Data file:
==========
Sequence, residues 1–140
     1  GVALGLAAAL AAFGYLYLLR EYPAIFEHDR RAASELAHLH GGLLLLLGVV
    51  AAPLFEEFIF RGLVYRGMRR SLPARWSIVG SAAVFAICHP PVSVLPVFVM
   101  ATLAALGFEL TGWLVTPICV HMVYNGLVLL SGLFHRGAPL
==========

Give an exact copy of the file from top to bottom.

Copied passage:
Sequence, residues 1–140
     1  GVALGLAAAL AAFGYLYLLR EYPAIFEHDR RAASELAHLH GGLLLLLGVV
    51  AAPLFEEFIF RGLVYRGMRR SLPARWSIVG SAAVFAICHP PVSVLPVFVM
   101  ATLAALGFEL TGWLVTPICV HMVYNGLVLL SGLFHRGAPL